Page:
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After loss, Hawkeye defense returns to its roots
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After loss, Hawkeye defense returns to its roots

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IOWA CITY — The numbers did not lie.

The 463 yards, the 377 passing yards, the 9-of-16 conversion rate on third down, the 24 points, all of the numbers collected by Purdue provided the Iowa football team’s defense with an eye-opening midseason reality check.

The Boilermakers hurt the Hawkeyes with three explosive plays of 25 yards or more and seven additional big plays measured at between 15 and 20 yards.

To Iowa defensive coordinator Phil Parker, things just didn’t add up.

"That’s not who we are," Parker said. "I think we can do better than that."

Along the way, Purdue perhaps uncovered some defects that had been masked during the six victories the Hawkeyes compiled by the team’s impressive takeaway total.

Parker called the situation disappointing but said it now provides Iowa with an opportunity to learn and improve.

"Everyone saw what happened. Now, how do you respond to that?" Parker said. "It was really intriguing to get back on the field and see. The energy they had was intriguing following a game like that."

The Boilermakers’ total yardage was the most allowed by Iowa since giving up 579 in a 2017 loss to Penn State and Purdue’s passing yards were the most surrendered by the Hawkeyes since the Boilermakers collected 458 through the air in a loss to Iowa in 2016.

The fix, Parker said, involves a renewed emphasis on Iowa’s defensive roots.

"To me, it gets back to focus and fundamentals," Parker said. "Was it the technique or something that maybe in the past that was out there that nobody had seen before in the first six games? There was probably some technique, some lack of detail, that had been out there that maybe we got away with."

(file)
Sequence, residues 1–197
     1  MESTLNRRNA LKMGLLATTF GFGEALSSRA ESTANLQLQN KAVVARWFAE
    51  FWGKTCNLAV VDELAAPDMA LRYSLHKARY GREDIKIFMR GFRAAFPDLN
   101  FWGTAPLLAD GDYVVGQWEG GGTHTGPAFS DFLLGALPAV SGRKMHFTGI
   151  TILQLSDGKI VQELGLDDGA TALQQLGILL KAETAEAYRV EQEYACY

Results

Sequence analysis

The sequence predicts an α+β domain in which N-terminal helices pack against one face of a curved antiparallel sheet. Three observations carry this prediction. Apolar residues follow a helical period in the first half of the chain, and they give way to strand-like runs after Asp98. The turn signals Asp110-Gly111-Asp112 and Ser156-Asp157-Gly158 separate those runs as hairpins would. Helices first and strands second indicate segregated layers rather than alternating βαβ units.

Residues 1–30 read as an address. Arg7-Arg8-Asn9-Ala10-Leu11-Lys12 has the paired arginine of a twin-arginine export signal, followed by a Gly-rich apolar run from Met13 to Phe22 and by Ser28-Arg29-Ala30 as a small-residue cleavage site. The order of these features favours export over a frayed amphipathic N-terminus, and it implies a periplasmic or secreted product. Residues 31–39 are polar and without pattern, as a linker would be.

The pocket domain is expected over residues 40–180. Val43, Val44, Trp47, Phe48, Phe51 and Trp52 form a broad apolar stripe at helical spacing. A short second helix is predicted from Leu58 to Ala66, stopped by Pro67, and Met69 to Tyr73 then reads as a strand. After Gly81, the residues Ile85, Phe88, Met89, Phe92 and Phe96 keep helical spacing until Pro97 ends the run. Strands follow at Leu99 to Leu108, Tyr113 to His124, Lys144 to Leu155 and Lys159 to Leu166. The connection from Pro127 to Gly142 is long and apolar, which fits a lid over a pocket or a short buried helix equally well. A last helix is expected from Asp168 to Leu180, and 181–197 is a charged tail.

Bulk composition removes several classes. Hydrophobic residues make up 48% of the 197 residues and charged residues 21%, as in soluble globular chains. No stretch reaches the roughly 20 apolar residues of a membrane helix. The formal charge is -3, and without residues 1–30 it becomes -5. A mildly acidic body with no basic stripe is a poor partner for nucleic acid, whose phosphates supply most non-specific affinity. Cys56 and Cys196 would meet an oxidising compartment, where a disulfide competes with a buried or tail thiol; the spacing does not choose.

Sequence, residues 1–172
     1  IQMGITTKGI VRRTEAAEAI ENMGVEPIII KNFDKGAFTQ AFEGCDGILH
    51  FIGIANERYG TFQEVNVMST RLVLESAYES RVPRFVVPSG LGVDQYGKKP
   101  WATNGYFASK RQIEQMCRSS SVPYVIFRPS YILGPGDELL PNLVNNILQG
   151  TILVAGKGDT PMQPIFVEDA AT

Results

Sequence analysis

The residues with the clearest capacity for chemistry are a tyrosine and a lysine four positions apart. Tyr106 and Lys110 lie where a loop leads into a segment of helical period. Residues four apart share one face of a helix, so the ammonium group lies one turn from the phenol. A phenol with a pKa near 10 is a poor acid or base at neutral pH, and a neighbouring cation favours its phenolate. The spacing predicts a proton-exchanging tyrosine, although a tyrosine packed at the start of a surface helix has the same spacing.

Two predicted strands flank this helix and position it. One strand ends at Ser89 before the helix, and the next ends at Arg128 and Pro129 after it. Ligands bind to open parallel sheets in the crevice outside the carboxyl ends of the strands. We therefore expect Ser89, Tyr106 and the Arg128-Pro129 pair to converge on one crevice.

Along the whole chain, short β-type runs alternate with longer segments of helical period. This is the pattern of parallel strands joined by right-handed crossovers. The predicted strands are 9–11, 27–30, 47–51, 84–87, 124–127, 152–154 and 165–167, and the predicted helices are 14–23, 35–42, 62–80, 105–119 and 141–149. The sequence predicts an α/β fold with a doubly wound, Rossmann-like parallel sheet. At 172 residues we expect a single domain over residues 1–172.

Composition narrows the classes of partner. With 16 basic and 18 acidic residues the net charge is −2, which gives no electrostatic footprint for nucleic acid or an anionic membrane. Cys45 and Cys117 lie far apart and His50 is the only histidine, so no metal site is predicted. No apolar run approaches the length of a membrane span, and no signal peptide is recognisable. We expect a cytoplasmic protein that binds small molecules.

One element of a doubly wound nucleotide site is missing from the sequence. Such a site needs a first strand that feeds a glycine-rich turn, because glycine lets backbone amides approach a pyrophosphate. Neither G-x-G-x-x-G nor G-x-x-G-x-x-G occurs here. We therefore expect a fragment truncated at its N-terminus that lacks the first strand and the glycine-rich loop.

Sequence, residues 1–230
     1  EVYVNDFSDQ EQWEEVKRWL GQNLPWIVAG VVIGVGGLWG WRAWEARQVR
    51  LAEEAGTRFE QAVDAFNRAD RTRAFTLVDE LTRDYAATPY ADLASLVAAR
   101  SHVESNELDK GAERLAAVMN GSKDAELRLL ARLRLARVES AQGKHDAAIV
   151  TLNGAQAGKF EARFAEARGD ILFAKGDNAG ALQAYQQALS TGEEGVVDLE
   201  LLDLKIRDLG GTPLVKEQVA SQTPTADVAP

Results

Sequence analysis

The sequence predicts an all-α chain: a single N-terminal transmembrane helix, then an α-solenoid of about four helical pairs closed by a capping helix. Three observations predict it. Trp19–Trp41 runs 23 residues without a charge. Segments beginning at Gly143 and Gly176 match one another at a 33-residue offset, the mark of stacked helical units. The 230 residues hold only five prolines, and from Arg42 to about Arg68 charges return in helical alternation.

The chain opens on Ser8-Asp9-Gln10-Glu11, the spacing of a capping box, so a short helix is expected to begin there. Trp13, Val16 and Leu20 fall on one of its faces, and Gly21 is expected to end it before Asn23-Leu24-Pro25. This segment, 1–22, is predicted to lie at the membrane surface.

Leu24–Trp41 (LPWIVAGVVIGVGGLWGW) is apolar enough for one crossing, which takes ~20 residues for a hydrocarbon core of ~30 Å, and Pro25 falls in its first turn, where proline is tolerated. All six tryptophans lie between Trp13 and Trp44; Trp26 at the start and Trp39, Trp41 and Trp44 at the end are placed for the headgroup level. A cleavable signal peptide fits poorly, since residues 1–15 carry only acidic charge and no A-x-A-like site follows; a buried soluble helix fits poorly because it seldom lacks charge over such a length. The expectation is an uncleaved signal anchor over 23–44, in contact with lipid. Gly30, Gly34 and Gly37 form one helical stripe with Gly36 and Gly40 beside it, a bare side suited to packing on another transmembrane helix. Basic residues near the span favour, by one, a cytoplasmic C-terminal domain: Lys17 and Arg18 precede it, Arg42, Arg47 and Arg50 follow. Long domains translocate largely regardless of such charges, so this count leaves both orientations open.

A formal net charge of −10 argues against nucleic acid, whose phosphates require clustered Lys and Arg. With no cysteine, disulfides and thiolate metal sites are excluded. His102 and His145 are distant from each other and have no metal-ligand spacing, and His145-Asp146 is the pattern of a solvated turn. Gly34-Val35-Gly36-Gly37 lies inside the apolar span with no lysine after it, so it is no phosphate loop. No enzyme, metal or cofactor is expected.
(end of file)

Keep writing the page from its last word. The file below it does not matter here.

Parker said the Hawkeyes’ inability to get off the field on third down or complement the offense by adding to its collection of 21 turnovers both factored into Purdue’s success.

"There were a couple of times where we were first and 10, second down, first and 10, second down, first and 10, second down. If you don’t get to third down, you don’t give yourself an opportunity to get off the field," Parker said.

The Iowa coordinator said he has generally been pleased with the progress the Iowa defense has made during the opening weeks of the season.

He said the defensive line rotation has developed quicker than anticipated and has generally been able to apply needed pressure to help facilitate the takeaways Iowa has recorded during its 6-1 start.

"This entire group has worked hard since the start of fall camp," Parker said.

Cornerback Riley Moss, who shared the national lead with four interceptions when he suffered a knee injury during Iowa’s Oct. 9 win over Penn State, is getting closer to a return to action.

Team medical personnel will make the final call, but Parker said Moss seemed to be walking around the practice field with a pretty normal gait last week and he wouldn’t be stunned to see the senior back on the field in Saturday’s 11 a.m. game at Wisconsin.

"I think he looks good. Knowing him, I wouldn’t bet against him," Parker said. "He wasn’t going to practice (during the bye) week anyway. There’s a lot of wear and tear on those guys."

When Iowa returned to the practice field Wednesday for its first on-field work since the loss to the Boilermakers, Parker was greeted by a team that was ready to move forward.

"They’re ready for a great challenge. I think the kids were really glad to get back, get back to football and working on improving," Parker said.

"I think if we just stay the course of guys just trying to improve, to be better than the last game that we played, then you have a chance. I think that’s what they’re looking forward to."

On the field, Iowa will turn its attention to Wisconsin today.

But Parker said having the bye week provided Iowa coaches with a chance to look a little deeper into the challenges that will face the Hawkeyes during the final five weeks of the regular season.

"When you have the time, you try to look a little farther down the road and say what are we going to have to do against the teams we are playing," Parker said.

"Obviously, this Sunday is an extra day (to concentrate on the Badgers) and that’s going to help us out, but just going back and saying, ‘Hey, do we need something else to help us in later games?’ You just want to make sure you have enough weapons in your tool box."


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